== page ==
Will Men Vote for Sarah Palin Only Because She Is Hot?

A new study finds good looks matter most to men in predicting their votes.

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We all knew there was a gender gap in politics, but what we didn't know is that there is also a distinct beauty gap. A new study out today from Northwestern University found that looks matter, especially for female candidates. So maybe John McCain made a good decision in picking Sarah Palin? [See photos of Palin and her family.]

Most shocking was the strong language used to describe why men vote for women candidates. "While gender bias related to a female candidate's attractiveness was consistent across both male and female voters, good looks was almost all that mattered in predicting men's votes for female candidates," according to the release announcing the study. (The bold is mine.)

The "almost all that mattered" part is what disturbs me the most. While it's well known that appearance matters, this seems to suggest men vote for only attractive female candidates. In the study, participants were shown pictures of congressional candidates and asked to judge their competence, attractiveness, dominance, and approachability. Aside from attractiveness, these categories are important for leadership and men seem to have won. "Overall, voters perceived the faces of male politicians as more competent and dominant relative to female politicians; female politicians were perceived as more attractive and approachable relative to males," the release says. The dominant part doesn't surprise me. Typical gender roles reinforce that women are more nurturing and therefore less dominant than men. What does surprise me is the competence factor. Why are women automatically deemed less competent? The researchers say it's because of certain facial features. "Gender stereotypes may bias voters to value male politicians over female politicians simply because they possess facial features that signal qualities associated with effective leaders," according to the study.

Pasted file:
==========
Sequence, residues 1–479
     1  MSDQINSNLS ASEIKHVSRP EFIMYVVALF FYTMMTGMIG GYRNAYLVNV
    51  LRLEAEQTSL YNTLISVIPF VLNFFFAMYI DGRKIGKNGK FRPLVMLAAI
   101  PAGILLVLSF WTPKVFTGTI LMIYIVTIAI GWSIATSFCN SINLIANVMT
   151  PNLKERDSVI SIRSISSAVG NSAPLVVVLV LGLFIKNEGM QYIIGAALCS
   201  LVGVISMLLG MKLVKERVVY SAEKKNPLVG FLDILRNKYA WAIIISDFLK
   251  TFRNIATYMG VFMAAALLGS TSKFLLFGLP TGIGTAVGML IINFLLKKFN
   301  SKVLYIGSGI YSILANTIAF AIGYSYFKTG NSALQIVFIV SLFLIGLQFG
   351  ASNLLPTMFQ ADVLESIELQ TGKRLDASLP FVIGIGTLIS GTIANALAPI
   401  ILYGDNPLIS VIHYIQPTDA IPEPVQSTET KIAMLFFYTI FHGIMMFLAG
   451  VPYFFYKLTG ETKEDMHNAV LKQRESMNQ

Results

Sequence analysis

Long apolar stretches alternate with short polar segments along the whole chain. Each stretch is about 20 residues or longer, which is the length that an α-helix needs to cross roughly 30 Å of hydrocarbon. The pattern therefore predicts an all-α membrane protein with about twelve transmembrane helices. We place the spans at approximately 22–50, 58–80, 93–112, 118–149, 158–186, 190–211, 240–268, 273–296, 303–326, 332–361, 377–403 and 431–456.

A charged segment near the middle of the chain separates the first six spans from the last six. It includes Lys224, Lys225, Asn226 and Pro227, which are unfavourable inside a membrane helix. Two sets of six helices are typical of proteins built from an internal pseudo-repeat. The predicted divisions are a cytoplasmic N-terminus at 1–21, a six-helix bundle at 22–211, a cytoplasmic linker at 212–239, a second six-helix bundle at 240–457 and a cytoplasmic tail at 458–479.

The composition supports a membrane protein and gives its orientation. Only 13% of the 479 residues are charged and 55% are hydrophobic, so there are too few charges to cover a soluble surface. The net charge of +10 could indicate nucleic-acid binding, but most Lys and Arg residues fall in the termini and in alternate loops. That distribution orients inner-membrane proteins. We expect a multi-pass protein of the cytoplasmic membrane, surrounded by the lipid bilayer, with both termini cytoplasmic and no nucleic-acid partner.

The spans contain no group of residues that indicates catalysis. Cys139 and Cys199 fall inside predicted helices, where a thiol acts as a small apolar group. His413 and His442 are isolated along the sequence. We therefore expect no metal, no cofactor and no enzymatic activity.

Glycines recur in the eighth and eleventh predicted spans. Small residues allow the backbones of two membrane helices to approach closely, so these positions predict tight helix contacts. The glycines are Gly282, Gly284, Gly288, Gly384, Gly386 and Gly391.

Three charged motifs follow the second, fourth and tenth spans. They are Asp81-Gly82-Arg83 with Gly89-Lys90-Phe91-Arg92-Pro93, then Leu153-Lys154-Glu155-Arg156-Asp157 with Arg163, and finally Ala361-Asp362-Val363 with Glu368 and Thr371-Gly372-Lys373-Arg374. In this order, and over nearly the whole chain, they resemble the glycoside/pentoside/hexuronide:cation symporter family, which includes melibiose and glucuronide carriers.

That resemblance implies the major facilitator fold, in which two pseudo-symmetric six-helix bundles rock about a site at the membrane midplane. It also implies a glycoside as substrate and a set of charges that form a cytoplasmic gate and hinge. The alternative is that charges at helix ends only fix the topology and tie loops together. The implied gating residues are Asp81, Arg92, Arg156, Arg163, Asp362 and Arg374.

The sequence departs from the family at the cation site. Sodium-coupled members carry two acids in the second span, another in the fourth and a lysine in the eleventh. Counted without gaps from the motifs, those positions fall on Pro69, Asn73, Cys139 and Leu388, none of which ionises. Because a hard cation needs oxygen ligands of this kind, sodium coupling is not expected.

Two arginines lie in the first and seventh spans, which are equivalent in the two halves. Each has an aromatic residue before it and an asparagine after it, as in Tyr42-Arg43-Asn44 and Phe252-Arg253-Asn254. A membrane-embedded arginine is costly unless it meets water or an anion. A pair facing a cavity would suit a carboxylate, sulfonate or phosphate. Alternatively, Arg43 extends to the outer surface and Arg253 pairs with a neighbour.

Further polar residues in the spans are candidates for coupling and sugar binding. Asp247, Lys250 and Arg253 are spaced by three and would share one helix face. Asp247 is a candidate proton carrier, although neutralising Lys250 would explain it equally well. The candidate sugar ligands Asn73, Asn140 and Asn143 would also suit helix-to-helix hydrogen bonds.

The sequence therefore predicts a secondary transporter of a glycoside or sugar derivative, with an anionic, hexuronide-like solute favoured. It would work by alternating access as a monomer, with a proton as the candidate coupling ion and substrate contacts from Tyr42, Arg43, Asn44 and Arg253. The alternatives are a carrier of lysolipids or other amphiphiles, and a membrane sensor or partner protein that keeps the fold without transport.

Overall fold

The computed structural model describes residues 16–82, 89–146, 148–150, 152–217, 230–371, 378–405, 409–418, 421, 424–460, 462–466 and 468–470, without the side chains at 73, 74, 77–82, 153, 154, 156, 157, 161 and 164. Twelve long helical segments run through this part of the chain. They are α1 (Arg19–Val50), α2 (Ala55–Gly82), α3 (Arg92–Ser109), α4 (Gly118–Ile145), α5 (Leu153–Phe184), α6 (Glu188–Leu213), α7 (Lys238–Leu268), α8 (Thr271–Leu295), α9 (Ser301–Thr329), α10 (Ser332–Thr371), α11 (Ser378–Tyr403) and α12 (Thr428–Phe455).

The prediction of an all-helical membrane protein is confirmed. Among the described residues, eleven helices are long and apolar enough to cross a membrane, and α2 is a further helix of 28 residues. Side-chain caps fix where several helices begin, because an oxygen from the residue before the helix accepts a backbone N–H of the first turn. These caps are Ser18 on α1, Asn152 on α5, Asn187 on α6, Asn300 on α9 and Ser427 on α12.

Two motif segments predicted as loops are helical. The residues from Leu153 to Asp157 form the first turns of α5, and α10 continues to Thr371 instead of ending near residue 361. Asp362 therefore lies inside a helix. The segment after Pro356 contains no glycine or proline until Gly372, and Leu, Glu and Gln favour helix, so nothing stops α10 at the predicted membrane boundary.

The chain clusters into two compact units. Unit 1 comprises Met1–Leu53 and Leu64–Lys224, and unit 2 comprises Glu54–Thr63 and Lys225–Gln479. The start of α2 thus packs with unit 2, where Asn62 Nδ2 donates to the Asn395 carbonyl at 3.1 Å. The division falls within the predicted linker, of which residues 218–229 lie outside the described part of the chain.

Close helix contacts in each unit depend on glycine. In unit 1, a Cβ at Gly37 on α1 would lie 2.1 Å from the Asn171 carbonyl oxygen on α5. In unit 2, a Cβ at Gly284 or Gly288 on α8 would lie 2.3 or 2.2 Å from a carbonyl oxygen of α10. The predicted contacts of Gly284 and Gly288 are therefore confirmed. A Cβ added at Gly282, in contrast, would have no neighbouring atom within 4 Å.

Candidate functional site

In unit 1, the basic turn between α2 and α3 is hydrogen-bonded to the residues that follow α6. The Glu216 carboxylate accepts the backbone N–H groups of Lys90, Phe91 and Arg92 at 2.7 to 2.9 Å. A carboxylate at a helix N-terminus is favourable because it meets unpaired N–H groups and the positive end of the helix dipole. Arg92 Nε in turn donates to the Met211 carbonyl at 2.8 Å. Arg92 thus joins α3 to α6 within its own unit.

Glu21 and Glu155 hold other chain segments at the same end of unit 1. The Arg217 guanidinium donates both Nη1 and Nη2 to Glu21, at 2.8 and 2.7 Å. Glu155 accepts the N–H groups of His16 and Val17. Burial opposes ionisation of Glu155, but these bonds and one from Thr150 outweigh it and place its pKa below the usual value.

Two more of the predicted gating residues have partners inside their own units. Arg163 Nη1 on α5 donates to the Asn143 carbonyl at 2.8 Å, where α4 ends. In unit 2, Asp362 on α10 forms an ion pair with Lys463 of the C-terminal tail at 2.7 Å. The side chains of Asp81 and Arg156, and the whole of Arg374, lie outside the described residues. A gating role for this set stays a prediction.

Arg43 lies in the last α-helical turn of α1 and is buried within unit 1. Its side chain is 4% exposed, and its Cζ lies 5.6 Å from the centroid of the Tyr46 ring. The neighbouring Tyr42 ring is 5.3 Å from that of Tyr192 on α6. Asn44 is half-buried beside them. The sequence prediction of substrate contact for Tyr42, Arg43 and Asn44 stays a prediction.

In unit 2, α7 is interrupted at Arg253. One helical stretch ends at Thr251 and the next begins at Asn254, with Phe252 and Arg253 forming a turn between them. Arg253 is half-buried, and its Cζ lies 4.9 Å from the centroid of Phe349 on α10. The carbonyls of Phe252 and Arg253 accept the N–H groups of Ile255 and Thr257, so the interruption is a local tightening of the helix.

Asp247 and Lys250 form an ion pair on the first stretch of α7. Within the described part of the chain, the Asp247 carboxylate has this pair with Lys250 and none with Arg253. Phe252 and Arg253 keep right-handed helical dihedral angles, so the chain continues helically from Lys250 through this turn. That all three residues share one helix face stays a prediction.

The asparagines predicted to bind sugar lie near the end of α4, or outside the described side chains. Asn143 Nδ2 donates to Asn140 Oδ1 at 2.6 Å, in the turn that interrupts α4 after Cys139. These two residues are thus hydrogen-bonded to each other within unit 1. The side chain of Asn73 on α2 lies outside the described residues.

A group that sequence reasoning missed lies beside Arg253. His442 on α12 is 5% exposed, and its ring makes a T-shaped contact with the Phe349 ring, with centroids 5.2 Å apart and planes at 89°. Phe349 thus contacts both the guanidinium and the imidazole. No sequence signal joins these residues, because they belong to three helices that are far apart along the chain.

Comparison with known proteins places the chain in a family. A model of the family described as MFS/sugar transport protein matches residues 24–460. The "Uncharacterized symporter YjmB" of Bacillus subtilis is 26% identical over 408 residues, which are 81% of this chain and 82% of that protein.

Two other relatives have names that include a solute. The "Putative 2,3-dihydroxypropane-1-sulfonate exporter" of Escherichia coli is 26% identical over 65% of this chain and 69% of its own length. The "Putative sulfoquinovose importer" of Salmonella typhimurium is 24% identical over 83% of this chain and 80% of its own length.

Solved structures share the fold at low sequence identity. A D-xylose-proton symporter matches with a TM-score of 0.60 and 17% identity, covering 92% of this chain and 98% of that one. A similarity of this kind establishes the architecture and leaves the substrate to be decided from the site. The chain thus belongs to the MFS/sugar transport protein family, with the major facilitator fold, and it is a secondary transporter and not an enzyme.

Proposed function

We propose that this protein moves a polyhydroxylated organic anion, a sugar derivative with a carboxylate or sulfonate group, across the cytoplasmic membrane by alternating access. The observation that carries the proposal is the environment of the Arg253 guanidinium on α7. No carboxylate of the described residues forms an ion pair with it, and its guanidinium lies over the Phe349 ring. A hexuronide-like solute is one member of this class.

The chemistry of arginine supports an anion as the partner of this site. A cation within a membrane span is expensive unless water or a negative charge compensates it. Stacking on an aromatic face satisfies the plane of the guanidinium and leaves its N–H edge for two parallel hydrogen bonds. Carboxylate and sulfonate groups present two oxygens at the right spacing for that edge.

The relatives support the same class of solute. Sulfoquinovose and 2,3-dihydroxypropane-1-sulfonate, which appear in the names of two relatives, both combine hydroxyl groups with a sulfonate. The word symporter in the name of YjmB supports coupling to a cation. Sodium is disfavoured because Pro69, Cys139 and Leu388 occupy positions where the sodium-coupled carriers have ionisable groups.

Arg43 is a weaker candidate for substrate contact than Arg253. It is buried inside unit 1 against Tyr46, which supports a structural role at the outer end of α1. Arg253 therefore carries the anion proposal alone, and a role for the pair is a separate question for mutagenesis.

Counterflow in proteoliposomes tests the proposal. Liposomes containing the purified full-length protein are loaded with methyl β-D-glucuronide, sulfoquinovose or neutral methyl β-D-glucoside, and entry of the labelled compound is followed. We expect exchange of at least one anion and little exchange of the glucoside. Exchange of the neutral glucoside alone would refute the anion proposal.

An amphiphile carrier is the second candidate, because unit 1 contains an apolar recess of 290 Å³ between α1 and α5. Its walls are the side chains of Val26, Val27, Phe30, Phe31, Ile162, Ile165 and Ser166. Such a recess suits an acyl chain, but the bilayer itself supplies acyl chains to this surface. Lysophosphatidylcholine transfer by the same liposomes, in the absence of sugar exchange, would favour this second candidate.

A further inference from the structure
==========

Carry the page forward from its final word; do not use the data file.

[See editorial cartoons about Sarah Palin.]

One of the researchers, Joan Y. Chiao says in the release that "lingering cultural stereotypes" likely drive this perceived competence gap. That seems like a nice way to say lingering sexism. Women serve in elected office more now that ever, but if this study is right and they are elected almost exclusively because of their looks we've got even farther to go than I thought.

Do you think looks impact a woman's chance at holding political office? Let me know below in the comments section.

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